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Facebook CEO Mark Zuckerberg said he's "been working to understand exactly what happened and how to make sure this doesn't happen again" in reference to the Cambridge Analytica scandal. Now according to a report from The Information (paywall; via Engadget), it seems that Facebook will also be further tweaking the upcoming devices to focus on privacy.

Acknowledging a responsibility to tell users how Facebook collects and uses personal data, the company said it plans to propose updates to Facebook's terms of service that include the firm's commitments to its users.

To comply with this, Facebook is adding a section called "access your information", a secure way for users to manage data they've shared with the company, including status updates, comments and things they have searched for. Although Facebook has never technically obfuscated the fact that it collects your message logs and call data, the extent of its scraping only came to light last week when a New Zealand man found all the data in his Facebook archive.

The Menlo Park, California-based social networking company has been under extreme pressure recently following reports that data analysis firm Cambridge Analytica allegedly used information on more than 50 million users without their consent in order to aid the Trump campaign for targeted political ads in the 2016 US presidential race.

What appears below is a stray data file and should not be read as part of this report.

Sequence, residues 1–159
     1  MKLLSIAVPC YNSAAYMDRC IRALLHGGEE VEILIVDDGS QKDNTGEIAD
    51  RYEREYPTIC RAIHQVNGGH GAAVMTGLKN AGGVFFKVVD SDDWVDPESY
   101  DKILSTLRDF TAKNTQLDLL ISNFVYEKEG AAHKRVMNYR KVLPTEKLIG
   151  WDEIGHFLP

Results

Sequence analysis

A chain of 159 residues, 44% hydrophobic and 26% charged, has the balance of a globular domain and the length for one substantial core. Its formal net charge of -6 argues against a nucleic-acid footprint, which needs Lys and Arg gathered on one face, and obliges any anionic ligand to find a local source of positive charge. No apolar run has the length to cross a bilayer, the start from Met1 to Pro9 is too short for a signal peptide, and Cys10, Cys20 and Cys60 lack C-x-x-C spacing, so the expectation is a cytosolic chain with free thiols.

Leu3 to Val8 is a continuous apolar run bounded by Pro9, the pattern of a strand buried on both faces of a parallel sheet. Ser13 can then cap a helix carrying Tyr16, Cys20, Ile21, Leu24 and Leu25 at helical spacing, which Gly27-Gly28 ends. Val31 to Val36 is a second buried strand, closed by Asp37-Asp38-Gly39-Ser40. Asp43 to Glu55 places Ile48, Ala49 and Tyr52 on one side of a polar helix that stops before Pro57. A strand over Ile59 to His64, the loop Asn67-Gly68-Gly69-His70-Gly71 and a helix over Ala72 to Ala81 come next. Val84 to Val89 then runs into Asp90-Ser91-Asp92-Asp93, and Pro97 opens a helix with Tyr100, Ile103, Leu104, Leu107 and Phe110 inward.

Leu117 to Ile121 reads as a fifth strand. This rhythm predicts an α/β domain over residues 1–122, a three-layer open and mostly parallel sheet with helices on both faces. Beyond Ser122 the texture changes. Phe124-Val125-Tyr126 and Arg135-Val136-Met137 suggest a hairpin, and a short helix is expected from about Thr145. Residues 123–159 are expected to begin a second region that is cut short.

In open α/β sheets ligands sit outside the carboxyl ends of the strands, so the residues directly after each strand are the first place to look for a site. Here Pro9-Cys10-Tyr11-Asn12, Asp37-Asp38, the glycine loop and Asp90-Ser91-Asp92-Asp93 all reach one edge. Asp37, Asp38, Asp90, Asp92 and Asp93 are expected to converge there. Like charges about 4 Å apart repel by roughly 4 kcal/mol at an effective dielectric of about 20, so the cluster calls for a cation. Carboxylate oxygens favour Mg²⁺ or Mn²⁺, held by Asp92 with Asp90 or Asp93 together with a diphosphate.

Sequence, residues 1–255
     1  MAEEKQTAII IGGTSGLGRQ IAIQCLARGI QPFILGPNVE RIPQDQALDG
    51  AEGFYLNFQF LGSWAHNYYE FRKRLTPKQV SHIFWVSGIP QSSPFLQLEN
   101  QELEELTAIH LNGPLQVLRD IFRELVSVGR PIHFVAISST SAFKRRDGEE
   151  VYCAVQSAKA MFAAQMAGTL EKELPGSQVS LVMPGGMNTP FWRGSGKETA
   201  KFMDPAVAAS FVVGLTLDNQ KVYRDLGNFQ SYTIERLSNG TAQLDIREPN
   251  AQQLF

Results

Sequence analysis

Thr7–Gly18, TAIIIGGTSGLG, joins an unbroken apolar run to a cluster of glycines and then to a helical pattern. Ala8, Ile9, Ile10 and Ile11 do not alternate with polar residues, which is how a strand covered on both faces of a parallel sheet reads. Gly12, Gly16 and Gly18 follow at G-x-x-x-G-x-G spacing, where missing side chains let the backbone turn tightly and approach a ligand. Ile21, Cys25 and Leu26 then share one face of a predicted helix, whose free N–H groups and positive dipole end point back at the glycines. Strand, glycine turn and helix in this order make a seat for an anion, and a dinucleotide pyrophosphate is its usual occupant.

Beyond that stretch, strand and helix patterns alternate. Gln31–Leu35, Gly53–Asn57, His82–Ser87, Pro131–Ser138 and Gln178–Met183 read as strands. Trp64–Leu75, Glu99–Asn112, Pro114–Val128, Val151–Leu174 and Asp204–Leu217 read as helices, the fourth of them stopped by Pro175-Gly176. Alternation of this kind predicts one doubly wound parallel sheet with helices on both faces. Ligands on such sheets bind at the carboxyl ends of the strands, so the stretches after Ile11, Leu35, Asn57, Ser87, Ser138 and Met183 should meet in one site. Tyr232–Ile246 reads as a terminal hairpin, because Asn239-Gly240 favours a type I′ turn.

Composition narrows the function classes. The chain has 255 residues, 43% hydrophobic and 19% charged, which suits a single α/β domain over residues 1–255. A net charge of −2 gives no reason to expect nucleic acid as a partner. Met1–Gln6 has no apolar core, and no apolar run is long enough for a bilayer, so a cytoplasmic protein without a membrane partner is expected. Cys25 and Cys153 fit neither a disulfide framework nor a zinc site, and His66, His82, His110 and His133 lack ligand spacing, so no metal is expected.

The company has tried over the years to simplify its privacy settings, yet the controls remain hard to find and use for many people. In doing so, the social networking giant promises to eliminate the number of screens you need to go through to make changes to your Facebook account. "I think it's pretty standard for the most part and easy to access", said Guy DiBalsamo, Facebook user. The data is not sold to third parties, it said. Facebook says users have "choices over their data", even if that hasn't been apparent.

After viral tweets sparked outrage about Facebook's data collection policies, Facebook said in a "fact check" statement that the claims were inaccurate.

"We are beginning work on this and will have more details as we finalise the program updates in the coming weeks".

"It's been a very intense week", Sherman said in an interview. Some Facebook users agreed to give their information to Kogan's app, but apaarently he also got permission to harvest data on all their Facebook friends, Mint reported.

"If we find developers that misused personally identifiable information, we will ban them from our platform", Archibong said, adding that the changes are meant to "help mitigate any breach of trust with the broader developer ecosystem".

"We've also cleaned up outdated settings so it's clear what information can and can't be shared with apps", Facebook said in the announcement.